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Sri Lanka clashes take heavy toll

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COLOMBO, Sri Lanka (CNN) -- The Sri Lankan army said 28 soldiers were killed and 119 were wounded while battling the Tamil Tiger rebels in Jaffna, located in the northern tip of the country, late Saturday evening, Sri Lanka police inspector Percy Perera said.

An estimated 150 Liberation Tigers of Tamil Eelam (LTTE) rebels were also killed, with more wounded, Perera said.

The exact number of wounded was not immediately available, he said.

The fighting flared during the army's operation to control the area of Muhamalai in Jaffna. Soldiers have been working to de-mine the area and the operation is ongoing.

Hundreds of civilians, troops and Tiger fighters have been killed in the past months, with both blaming the other for disregarding a 2002 cease-fire agreement.

Earlier in the week, the Sri Lanka military said troops backed by artillery and airpower seized the key rebel enclave of Sampur, near the port of Trincomalee.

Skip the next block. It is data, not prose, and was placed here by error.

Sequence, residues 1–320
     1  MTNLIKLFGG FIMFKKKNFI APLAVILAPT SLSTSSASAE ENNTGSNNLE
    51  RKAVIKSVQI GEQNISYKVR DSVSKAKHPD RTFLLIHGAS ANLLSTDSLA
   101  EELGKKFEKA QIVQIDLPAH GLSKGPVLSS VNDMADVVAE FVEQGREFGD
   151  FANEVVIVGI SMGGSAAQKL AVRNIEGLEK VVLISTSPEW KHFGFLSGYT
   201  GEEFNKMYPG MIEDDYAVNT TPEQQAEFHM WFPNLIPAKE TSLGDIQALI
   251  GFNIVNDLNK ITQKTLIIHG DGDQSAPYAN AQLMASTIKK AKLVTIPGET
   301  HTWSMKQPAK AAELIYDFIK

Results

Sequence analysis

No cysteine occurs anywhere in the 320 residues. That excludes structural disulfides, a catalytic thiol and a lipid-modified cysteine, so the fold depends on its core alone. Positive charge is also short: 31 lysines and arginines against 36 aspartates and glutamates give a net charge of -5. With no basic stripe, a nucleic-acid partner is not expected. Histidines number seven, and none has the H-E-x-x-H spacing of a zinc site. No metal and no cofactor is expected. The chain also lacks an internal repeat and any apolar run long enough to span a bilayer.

Military spokesman Brig. Prasad Samarasinghe said Saturday that government forces pounded rebel-held territory in the north with air strikes and artillery after the Tigers stepped up their attacks on government troops.

"The (rebels) began attacking us with artillery fire on Thursday. We have been retaliating since then. This is a limited operation to neutralize their artillery bases," Samarasinghe told The Associated Press.

The pro-rebel TamilNet Web site said the military has been shelling rebel bunkers in Muhamalai for two days. It said there were no rebel casualties, AP reported.

Since 1983, the rebels have been fighting for a separate homeland for 3.2 million predominantly Hindu Tamils. The Tamils say they have suffered decades of discrimination by the dominant 14 million Sinhalese, most of whom are Buddhist.

The conflict killed an estimated 65,000 people before the 2002 cease-fire. Hundreds of combatants and civilians have been killed and about 220,000 displaced since April, when fighting intensified again.

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Government soldiers move along the coast near Sampur in northern Sri Lanka.

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